Farming unions warn of the increase in the number of cattle killed as a result of bTB and urge Welsh Government to take notice of farmer ’heartache’.
Welsh farmers have told of the heartache, stress and emotional and financial strain which bovine tuberculosis (TB) has continued to pile on their lives and businesses.
It came as the Welsh Government published new statistics which highlighted 9,962 cattle had been slaughtered due to bTB in the 12 months up to September 2016, a 35 per cent increase on the previous year.
Farm unions labelled the situation ‘severe’ and said they hoped the increase in figures would make the Welsh Government ‘sit up and take notice’ of the impact that bovine TB continued to have.
Following recent news the government was seeking regionalisation of TB policy interventions, Welsh chief veterinary officer Christianne Glossop said the ‘bespoke action plans’ based on the Northern Irish model should ensure vets were placed at ‘the heart of the approach’.
Speaking before the Climate Change, Environment and Rural Affairs Committee in the Senedd on Wednesday, she said: “The new regionalised approach will be less damaging and less contentious.
“We are hoping to learn lessons from Northern Ireland and base the refreshed strategy on co-operation rather than confrontation.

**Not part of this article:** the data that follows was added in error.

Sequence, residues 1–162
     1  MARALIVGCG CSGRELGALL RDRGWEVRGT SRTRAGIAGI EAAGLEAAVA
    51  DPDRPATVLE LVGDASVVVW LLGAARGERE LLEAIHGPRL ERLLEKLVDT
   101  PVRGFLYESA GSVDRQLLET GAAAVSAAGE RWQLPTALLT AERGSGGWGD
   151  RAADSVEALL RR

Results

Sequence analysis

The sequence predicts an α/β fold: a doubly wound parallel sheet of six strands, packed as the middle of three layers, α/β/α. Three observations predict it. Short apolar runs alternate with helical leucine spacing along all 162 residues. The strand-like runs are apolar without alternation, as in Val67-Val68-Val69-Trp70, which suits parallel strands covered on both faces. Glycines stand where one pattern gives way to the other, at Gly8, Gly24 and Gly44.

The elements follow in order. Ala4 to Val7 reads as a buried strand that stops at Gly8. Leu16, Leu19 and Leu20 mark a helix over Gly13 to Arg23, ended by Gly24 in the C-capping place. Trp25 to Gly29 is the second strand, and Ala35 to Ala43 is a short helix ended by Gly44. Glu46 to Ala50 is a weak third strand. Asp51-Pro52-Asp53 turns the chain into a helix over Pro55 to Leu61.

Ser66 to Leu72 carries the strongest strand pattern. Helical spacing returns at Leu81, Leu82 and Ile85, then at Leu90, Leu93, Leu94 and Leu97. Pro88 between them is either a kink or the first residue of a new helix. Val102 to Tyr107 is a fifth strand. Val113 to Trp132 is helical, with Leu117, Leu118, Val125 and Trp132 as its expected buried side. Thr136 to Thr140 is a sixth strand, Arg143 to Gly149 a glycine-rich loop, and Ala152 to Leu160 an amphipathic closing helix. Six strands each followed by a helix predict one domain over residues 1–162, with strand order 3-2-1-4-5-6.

“We are talking about vet epidemiological evidence to look at individual farms to see if wildlife is all – or part – of the problem and to deal with it wholly."
NFU Cymru said it wanted the Welsh Government to put in place a TB eradication strategy which removed disease from both cattle and wildlife sources.
NFU president Stephen James said: “Bovine TB is the biggest threat to beef and dairy farmers across large parts of Wales.
“Looking at TB endemic areas of the country, the situation is severe, with Clwyd suffering a 118 per cent increase in slaughtered cattle, Carmarthenshire 74 per cent and Pembrokeshire an increase of 34 per cent in the 12 months to September 2016 compared to the same period in the previous year.
“Clearly the proposals put forward by Welsh Government will ratchet up the control measures and restrictions on cattle keepers in many parts of Wales, but what is missing is the lack of specific detail provided by Welsh Government on when the disease problem in wildlife which exists in parts of the country will be adequately addressed.”